The IJC also recognized that it is vital to change peoples’ behaviour and the only way to do that is through education. They recommended that Canada and the USA increase their funding of education programs, particularly for grades K to 12.

Tobermory Seiches

A Review of a study by John Greenhouse

A seiche (SAYSH) is a wave in an enclosed or partially enclosed body of water. Like water in a jostled tub, energy sloshes back and forth between the boundaries of the water body creating what are known as “standing waves”, not unlike those that can be seen in a skipping rope. Seiches and seiche-related phenomena can be observed on lakes, reservoirs, bays, harbours and oceans. Some can be very dramatic, but others are all but imperceptible.

On the Great Lakes a seiche derives its energy (the “jostling”) from the atmosphere. A sharp change in pressure or wind speed will produce a wave in the body of water (Figure 1). The wave is reflected repeatedly from the shores, generating standing waves with one or more peaks. The repetition time, or “period” of the oscillation is determined by the size and shape of the water body, and by its depth.  In large water bodies the period of oscillation will be several hours. As shown in Figure 1, the thermocline can also oscillate as a standing wave.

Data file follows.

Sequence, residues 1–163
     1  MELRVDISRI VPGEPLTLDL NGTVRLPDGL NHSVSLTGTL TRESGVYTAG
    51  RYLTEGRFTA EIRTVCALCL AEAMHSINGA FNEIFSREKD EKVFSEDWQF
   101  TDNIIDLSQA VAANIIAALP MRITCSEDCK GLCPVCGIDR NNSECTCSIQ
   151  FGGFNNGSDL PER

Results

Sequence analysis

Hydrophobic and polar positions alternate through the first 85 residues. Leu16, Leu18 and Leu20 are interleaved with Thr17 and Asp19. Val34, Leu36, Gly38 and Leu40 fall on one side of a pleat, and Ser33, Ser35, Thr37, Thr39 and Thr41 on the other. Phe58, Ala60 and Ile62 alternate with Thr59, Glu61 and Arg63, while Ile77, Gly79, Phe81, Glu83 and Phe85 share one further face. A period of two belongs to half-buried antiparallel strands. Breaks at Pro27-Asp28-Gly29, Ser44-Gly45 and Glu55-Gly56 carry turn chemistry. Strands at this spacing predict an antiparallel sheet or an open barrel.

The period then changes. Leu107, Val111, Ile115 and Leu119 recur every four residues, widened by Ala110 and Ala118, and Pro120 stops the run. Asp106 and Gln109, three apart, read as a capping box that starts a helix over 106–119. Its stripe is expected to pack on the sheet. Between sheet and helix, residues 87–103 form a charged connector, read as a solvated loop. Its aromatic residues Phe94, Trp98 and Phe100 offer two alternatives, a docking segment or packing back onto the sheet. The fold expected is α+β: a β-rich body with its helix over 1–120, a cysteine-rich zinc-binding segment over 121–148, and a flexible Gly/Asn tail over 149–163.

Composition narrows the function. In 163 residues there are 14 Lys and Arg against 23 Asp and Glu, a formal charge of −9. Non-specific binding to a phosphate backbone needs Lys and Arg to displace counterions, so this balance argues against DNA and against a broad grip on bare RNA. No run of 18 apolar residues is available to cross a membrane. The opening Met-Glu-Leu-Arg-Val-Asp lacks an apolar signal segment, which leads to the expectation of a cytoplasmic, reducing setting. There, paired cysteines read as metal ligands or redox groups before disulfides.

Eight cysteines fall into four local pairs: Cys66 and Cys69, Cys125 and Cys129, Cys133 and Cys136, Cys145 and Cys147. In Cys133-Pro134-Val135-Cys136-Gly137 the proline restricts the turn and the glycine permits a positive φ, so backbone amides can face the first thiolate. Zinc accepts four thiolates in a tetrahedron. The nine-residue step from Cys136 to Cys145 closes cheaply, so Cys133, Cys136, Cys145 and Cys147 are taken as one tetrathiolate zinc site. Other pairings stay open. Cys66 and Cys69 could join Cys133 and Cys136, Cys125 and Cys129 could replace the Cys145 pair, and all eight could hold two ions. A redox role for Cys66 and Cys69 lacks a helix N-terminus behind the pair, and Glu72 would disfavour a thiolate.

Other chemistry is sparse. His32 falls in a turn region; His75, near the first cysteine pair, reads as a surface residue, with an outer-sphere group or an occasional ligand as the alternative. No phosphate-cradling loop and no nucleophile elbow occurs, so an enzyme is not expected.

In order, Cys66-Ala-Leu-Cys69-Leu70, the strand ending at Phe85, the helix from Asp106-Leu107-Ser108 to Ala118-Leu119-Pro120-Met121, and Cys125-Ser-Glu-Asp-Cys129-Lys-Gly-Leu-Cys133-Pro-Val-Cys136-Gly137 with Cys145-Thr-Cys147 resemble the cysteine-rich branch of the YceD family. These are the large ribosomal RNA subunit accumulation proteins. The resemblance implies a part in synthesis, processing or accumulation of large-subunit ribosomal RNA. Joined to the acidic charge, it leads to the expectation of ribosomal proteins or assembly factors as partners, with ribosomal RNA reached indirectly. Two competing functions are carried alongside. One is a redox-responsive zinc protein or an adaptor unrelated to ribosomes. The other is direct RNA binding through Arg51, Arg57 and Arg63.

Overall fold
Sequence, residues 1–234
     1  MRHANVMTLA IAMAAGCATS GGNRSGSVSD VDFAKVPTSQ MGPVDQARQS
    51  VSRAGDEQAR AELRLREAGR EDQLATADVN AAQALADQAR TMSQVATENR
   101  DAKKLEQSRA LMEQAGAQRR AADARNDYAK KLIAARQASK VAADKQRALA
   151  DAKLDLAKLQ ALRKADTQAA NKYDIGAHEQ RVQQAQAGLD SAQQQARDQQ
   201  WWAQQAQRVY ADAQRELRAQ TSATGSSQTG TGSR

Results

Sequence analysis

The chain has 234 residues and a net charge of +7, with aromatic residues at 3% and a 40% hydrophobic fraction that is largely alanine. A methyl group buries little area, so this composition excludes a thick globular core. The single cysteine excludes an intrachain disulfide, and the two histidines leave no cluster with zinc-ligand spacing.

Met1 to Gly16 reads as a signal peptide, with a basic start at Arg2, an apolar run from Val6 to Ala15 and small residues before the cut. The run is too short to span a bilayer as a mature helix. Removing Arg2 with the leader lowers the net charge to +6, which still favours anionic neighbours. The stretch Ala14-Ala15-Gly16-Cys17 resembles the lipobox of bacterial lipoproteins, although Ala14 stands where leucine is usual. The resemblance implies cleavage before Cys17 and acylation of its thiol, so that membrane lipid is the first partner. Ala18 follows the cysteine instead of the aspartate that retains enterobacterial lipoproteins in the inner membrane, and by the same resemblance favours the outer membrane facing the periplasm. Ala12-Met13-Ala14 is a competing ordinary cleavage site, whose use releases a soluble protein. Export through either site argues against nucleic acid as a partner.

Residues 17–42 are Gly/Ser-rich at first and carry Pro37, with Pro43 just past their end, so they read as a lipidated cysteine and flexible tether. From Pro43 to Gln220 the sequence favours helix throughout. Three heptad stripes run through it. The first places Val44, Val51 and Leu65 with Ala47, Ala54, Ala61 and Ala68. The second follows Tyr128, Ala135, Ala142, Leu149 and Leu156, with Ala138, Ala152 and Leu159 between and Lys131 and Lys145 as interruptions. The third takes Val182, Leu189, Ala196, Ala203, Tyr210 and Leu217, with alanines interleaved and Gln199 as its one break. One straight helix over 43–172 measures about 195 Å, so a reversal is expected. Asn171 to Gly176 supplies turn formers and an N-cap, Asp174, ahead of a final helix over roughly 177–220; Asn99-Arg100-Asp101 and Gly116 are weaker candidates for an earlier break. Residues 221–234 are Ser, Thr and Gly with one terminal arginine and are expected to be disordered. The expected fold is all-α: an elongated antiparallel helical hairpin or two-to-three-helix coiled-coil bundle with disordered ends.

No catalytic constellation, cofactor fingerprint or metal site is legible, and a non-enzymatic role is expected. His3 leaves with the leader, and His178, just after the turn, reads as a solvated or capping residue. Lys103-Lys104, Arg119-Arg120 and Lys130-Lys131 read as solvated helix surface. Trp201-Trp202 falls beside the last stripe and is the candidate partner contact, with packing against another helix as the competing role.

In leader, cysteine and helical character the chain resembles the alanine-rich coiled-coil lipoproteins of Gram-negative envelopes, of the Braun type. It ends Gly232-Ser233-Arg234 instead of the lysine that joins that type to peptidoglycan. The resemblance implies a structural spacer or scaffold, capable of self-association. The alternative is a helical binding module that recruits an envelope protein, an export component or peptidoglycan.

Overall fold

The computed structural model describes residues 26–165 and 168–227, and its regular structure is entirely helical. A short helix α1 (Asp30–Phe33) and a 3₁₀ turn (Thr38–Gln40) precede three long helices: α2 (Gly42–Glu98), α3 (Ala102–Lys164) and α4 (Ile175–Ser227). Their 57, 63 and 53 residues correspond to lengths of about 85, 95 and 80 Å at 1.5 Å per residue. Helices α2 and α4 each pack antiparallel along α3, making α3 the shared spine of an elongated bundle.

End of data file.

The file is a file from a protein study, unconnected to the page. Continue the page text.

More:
Figure 1. Wind generating standing waves on the surface and the thermocline of a lake.
Frankemann [CC BY-SA 3.0 (https://creativecommons.org/licenses/by-sa/3.0)%5D

In bays leading off Lake Huron the water level will rise and fall with the lake, but they also have oscillations with periods determined by the size, shape and depth of the bay itself. These harbour oscillations or seiches, have periods typically from a few minutes to an hour.